Monday, April 23, 2012

How-to: Clean Stained Upholstery

And now it's Not!

Do you have some pet-stained furniture?

I was given some free chairs and a table a week ago. No need to be jealous, because if you saw those chairs when they first arrived . . . Well . . .

They weren't pretty. They were heavily stained, and I suspect a number of the stains were Poodle in origin.




Still, I didn't have any extra chairs sitting around to use with the new table, so I decided to try to salvage these. Googling around, the most recommended (cheap!) cleaning product was dish soap, foamed up with a hand mixer.

I was honestly expecting these chairs to be beyond help, so I didn't bother with any before/after pictures. . .but look! They're just about as good as new!


 Here's How


This method should work on pet stains and general dirt on any upholstered furniture item that isn't prone to water spotting. (That means, don't try it on silk or other sensitive fibers!) I would imagine it would do a number on grease stains as well. When in doubt, always test on an inconspicuous area first!

  1. Mix 1/2 a cup of dishsoap and 1 cup of water in a large mixing bowl. Mix on high with a hand-mixer (egg-beater would work, too, with a little oomph) until the mixture turns almost completely into foam.
  2. Fill another bowl with clear, warm water. Get two rags.
  3. Dip the first rag into your suds and dollop foam liberally onto stains. (Or in my case, the entire chair. Ha.)
  4. SCRUB the daylights out of it.
  5. Scrape off excess suds by firmly dragging a flat-edge (think rubber spatula or plastic ruler) across your soapy surface.
  6. Take your clean rag, dip into warm water, and wring it very well. Blot whatever's left of the soap and prepare to be surprised.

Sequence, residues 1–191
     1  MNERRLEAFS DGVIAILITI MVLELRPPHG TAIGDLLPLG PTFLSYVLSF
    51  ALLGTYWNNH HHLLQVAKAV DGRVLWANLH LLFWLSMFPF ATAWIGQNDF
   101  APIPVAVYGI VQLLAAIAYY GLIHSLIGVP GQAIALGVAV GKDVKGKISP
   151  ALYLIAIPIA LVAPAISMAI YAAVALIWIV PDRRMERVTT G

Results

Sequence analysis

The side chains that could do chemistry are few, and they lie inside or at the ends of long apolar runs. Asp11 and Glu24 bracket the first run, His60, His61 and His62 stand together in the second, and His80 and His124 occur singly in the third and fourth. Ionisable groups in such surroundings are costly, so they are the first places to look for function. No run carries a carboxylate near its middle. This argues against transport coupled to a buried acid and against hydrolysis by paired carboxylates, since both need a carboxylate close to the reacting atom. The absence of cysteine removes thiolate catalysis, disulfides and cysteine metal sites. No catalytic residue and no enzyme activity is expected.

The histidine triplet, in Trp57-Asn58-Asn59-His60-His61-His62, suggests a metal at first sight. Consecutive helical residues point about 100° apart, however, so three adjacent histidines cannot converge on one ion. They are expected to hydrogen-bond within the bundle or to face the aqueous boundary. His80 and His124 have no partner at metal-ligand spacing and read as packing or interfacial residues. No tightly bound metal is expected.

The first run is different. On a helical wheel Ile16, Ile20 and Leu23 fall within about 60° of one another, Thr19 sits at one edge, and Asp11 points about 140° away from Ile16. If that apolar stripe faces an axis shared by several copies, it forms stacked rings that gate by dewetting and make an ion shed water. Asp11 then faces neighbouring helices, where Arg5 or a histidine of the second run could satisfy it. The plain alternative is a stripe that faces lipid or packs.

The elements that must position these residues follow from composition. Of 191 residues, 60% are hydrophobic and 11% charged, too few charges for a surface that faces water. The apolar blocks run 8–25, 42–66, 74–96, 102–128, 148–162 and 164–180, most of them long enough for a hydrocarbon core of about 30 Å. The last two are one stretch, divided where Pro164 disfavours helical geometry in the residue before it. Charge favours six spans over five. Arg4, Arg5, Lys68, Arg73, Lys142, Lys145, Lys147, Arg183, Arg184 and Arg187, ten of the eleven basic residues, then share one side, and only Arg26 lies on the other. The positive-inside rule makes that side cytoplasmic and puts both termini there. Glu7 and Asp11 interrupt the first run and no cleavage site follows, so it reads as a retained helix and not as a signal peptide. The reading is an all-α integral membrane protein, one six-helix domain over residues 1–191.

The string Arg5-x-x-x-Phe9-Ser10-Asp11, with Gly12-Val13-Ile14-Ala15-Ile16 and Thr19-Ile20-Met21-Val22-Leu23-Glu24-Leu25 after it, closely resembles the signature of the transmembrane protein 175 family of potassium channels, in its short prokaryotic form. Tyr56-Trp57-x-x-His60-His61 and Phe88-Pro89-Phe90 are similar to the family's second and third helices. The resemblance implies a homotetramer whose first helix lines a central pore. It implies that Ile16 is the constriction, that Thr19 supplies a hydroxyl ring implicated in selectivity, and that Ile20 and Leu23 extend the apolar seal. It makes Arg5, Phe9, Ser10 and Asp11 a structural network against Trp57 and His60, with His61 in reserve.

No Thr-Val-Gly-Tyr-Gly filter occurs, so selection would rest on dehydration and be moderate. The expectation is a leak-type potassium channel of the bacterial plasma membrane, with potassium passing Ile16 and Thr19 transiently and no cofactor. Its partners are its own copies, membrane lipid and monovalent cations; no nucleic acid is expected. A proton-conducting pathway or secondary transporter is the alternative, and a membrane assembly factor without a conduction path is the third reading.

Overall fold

7. I'm going to hazard a guess that your work is done! But if not--and if you made any progress (indicating that the stain CAN be got up this way) repeat as necessary.
  8. Place your damp furniture in front of a fan to dry.


The great thing about this method is that your furniture shouldn't be sopping wet when you're done--which means you won't just replace that stain with some funky eau de mildew!

If you were dealing with a particularly disgusting and/or germy stain you might still mist the area with a disinfectant spray after it has dried.

Shared at: Liz Marie: "Clean It!" Link Party!


How do you rescue stained furniture?


10 comments:

  1. Hee, that's my dirty little cleaning secret too. :) Amazing what ordinary household cleaners can do! BTW, I like those chairs. A LOT. Has the one in the back not undergone the Cinderella transformation yet?

    ReplyDelete
    Replies
    1. Hehe, yep. :) The one in the background is actually clean, too, it just looks funny because the nap is rubbed the wrong way.

      Delete
  2. Isn't it funny how we often look for something complicated when soap and water (and some SERIOUS scrubbing) will do?

    Loved your comment about throwing a laptop at a spider once. Hey, you use what you have nearby, right? Lol!

    ReplyDelete
  3. will this work on microfiber?

    ReplyDelete
  4. I have to agree with everything in this post. Thanks for the useful information.
    The best siteGround water

    ReplyDelete
  5. This comment has been removed by the author.

    ReplyDelete
  6. Great post! You can also clean leather furniture by using similar technique.

    ReplyDelete
  7. Your methods are beneficial in removing stains and general dirt from the furniture. Cleaning is the best way to keep furniture looking its best.
    Watermarks on Wood

    ReplyDelete
  8. I'll have to try this on my furniture upholstery in Phoenix. My cat took a particular liking to one of my chairs.

    ReplyDelete
  9. This works!

    I added three elements to the above. 1) Vacuum 2) vinyl gloves 3) scrub brush
    I vacuumed first because I had some "3-d" dirt on my couch. Then you can pick up copious amounts of foam on a scrub brush, and it cleans fast. I didn't need to scrape off the foam, there was no extra. For rinsing, to get a damp cloth, just dip the cloth halfway into the water, then ball it up to get it exactly as damp as you want.

    I call Marissa a genius. Soren Kierkegaard said that genius, like a divining rod, never gets the idea of wishing except when the thing wished for is present.

    ReplyDelete